#13

[quote=“kyleb”]This is something the strength training community has known for awhile, but free weight squats are vastly better for performance training than smith machine squats. Additionally, since the smith machine restricts your range of motion in one or more planes of movement (depending on the machine and exercise in question), it is inherently injurious as it leaves out the development of stabilizing muscles.

Here is a study recently published that backs this up:

[quote]“Electromyographic activity was significantly higher by 34, 26, and 49 in the gastrocnemius, biceps femoris, and vastus medialis, respectively, during the free weight squat compared to the Smith machine squat (p < 0.05). There were no significant differences between free weight and Smith machine squat for any of the other muscles; however, the EMG averaged over all muscles during the free weight squat was 43% higher when compared to the Smith machine squat (p < 0.05). The free weight squat may be more beneficial than the Smith machine squat for individuals who are looking to strengthen plantar flexors, knee flexors, and knee extensors.”

“The free weight squat may be superior to the Smith machine squat for training the major muscle groups of the legs and possibly would result in greater strength development and hypertrophy of these muscle groups with long-term training.” [/quote]

So get off those stupid machines and learn to train with free weights![/quote]

This is exactly what UM Strength and Conditioning Coach said, everything in baseball is required to do free weights, in baseball theres not robotic movements were you are just standing still and just move something. He stressed that in order to play baseball you need to train on your feet. Which is free weight training, they do a lot of olympic lifts, the only thing they use for machines are some forearm machine, and the shoulder arm thing, and some stationary bikes, for injured players.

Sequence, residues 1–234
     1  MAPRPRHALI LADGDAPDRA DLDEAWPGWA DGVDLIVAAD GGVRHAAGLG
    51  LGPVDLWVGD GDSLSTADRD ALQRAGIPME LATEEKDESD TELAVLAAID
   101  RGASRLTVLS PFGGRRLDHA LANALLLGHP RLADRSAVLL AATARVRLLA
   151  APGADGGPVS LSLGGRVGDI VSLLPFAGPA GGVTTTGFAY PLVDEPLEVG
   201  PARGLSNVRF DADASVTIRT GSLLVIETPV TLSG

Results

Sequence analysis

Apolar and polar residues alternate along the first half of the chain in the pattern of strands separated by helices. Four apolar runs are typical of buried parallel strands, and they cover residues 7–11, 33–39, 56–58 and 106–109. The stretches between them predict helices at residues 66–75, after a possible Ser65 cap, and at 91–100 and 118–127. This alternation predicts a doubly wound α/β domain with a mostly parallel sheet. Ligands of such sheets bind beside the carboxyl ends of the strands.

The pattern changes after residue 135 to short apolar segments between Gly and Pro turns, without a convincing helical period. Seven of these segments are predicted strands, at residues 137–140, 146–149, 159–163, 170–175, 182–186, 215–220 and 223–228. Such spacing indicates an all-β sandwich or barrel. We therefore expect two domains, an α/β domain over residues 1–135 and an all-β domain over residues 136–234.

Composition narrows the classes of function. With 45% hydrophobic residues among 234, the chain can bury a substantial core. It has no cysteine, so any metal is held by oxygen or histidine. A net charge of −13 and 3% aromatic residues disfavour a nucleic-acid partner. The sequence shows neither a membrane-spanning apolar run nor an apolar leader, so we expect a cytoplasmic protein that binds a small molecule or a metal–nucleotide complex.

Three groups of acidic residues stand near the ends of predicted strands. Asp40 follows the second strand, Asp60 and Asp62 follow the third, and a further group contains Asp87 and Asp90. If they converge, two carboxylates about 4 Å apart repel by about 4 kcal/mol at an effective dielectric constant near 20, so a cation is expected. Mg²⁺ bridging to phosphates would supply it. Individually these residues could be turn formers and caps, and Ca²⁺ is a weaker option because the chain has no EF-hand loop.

#14

i <3 squats


#15

Earlier when Kyle told me to stop doing ham curls I was like whaaattt?!?!?!
After reading some more Gene Coleman I concur with the sport specific training. If since incorporated my deadlifts on my leg days because it feels better for my back, definitely. I have also eliminated most lifts thatdont involve being planted firmly on the ground


#16

[quote=“Hoysauce”]Earlier when Kyle told me to stop doing ham curls I was like whaaattt?!?!?!
After reading some more Gene Coleman I concur with the sport specific training. If since incorporated my deadlifts on my leg days because it feels better for my back, definitely. I have also eliminated most lifts thatdont involve being planted firmly on the ground[/quote]

You can substitute Glute-Ham Raises for leg curls. It is essentially a bodyweight leg curl followed up immediately by a back extension. They are very useful and difficult. Because they are very useful and difficult, it’s hard to find the GHR machine in a gym. :slight_smile:

But you can do them using a lat pulldown machine to some degree. Google and search YouTube for examples of a “Ghetto Glute-Ham Raise.”